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Talking of Intercourse: The best strategy to masturbate is doing no matter feels good to you

I masturbate but I don’t think “right”. To be honest, I’m scared of what’s down there, but I still want to have sex at some point. Is this okay? Sometimes I think when I have a loving partner I feel good about my body, but sometimes I worry that I won’t be comfortable with anyone until I’m with myself and I’m not sure when that will happen.

Masturbation and spending time with our genitals can feel like a shameful or even dirty act. These feelings can come from a number of places, be it psychological, trauma-based, or even cultural ideas about how we should or shouldn’t masturbate.

The silence around desire and masturbation has ingrained self-doubt and a willingness to compromise our pleasure. Fortunately, there is no right or wrong way to masturbate.

I spoke to Yael R. Rosenstock Gonzalez, a sex educator, coach, researcher, and author with a PhD in health behavior from IU-Bloomington School of Public Health. Her work focuses on identity, relationships, consent, pleasure, and communication.

Connected: [Speaking of Sex: Our new series responds to reader-submitted questions exploring gender, sexuality]

Masturbation is a safe, common, and natural way to learn about our bodies. For people with a vulva and vagina, methods such as penetration and clitoral stimulation – with or without sex toys – may be required to achieve orgasm. Or it can’t include any of these things. You can masturbate to relieve stress, explore your body, or for any reason that works for you.

“You don’t have to orgasm through masturbation,” said Gonzalez. “It really is a space and time for you to devote yourself in whatever form is comfortable for you, and ideally without having specific goals as these can be stressful for some people.”

If you are having trouble masturbating, what is your intention? Do you want to prove that you can orgasm? Or is it to know your body, feel other sensations and explore your body?

Our brain is the most useful tool for masturbating. Therefore, a positive view of pleasure and the ability to be vulnerable with ourselves and our potential partners is important. That’s not to say that masturbating and figuring out what makes us feel good is an easy task.

When we’re scared to talk about sex or even our genitals, it’s often rooted in some form of shame. This can be observed before or while you are sexually active. When you experience shame, where else in your life do you experience shame, and how does that hinder you?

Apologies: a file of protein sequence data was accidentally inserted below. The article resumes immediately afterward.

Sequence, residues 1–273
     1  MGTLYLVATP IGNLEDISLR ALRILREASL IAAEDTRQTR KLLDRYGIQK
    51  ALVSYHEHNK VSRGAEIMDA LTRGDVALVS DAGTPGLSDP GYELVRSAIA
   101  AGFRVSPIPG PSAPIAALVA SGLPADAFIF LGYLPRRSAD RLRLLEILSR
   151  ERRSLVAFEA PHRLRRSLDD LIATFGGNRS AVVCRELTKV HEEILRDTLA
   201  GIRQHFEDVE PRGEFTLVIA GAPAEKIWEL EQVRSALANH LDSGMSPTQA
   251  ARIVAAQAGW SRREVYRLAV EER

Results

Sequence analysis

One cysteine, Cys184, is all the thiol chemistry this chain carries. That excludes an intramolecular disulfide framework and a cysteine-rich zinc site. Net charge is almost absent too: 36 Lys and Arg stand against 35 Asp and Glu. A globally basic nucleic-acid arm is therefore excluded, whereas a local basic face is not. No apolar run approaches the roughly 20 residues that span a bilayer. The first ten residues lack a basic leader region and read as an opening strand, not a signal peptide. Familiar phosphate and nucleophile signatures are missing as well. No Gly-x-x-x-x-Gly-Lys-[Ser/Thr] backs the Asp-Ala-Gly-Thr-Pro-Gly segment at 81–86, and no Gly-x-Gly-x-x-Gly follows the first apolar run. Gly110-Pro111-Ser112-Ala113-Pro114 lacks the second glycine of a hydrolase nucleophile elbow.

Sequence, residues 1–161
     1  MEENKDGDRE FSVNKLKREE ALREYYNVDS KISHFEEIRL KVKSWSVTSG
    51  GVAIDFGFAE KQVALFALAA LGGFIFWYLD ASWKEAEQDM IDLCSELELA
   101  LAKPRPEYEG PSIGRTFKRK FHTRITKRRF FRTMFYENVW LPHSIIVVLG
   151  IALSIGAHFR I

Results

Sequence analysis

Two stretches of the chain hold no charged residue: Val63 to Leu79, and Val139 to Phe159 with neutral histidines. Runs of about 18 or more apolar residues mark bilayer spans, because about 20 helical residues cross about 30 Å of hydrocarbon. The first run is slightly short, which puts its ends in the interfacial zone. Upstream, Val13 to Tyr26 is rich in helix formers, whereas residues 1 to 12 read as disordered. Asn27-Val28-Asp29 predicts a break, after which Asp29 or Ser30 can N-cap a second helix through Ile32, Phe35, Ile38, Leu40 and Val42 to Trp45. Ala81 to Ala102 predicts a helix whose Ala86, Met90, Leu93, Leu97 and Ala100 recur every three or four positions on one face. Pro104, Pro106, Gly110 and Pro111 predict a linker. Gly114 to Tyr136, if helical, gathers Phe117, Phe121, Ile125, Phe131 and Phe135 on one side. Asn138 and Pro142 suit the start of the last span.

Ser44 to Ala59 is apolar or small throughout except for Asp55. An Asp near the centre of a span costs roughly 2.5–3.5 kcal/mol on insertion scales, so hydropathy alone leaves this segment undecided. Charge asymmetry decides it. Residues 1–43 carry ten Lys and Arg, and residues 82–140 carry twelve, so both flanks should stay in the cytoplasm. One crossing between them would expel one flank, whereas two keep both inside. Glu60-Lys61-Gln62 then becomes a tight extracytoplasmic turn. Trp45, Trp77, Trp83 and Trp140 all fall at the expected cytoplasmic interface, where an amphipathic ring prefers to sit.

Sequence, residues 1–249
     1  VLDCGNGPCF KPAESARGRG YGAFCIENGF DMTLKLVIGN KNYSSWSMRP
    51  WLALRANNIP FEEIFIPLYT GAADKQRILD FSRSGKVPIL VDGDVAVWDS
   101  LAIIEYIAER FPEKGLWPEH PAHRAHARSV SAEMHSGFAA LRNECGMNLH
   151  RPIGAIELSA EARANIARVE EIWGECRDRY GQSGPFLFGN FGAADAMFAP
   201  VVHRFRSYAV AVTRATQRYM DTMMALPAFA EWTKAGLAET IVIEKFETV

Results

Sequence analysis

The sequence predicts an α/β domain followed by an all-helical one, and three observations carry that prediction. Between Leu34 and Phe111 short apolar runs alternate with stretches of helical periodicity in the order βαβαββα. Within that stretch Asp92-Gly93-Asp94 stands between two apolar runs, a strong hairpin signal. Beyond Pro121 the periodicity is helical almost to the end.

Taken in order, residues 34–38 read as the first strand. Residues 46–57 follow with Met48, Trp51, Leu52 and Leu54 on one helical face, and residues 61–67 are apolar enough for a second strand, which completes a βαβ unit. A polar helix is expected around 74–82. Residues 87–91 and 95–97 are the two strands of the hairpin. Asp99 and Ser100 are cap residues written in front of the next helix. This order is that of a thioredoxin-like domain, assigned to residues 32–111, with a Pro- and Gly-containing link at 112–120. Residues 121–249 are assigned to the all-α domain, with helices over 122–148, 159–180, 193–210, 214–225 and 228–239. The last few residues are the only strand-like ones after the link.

“When you can’t share when something hurts, or when you do or don’t want to do something, or when you can’t share your insecurities and ask for assistance in the presence, these things are going to make it difficult for you to be safe, consensual and have a pleasant experience, ”said Gonzalez.

Regardless, it is not strictly necessary to get to know your body in its entirety before having sex. The emotional and intimate aspects of partnership interactions can help you learn about your body with your partners when you are comfortable and in a safe place to meet your wants and needs.

“I don’t think you need to love yourself the way people tell you to,” she said.

Instead, Gonzalez said, walk into a room where you can ask whether your situation is serving you, honoring you, or creating negative tendencies.

The culture of toxic positivity teaches us that we should always be happy with our bodies and love each other all the time. We can take some pressure off by embracing our vulnerability and being open to facing some of our innermost feelings of shame.

Ultimately, the decision of when, where, why, and how to masturbate or have sex should be a decision that only you can make.

Gonzalez told me that body love is not a destination, it is a lifelong journey. The right way to masturbate is to do what feels good to you, and you don’t have to fully master your body to have safe and enjoyable experiences.

Speaking of sex will be an affirmative, non-judgmental space that explores a variety of topics related to gender and sexuality, such as: B. physical normalization, pleasure-oriented sex, healthy boundaries, consent, and alternative relationships. You can submit questions via email to speakofsex@idsnews.com or anonymously using this form.

Editor’s Note: The advice offered is for informational purposes only and may not apply to all. This column does not replace professional advice.

Peyton Jeffers (she / she) is a senior studying human development, family history, and human sexuality. She is a member of Camp Kesem at Indiana University.

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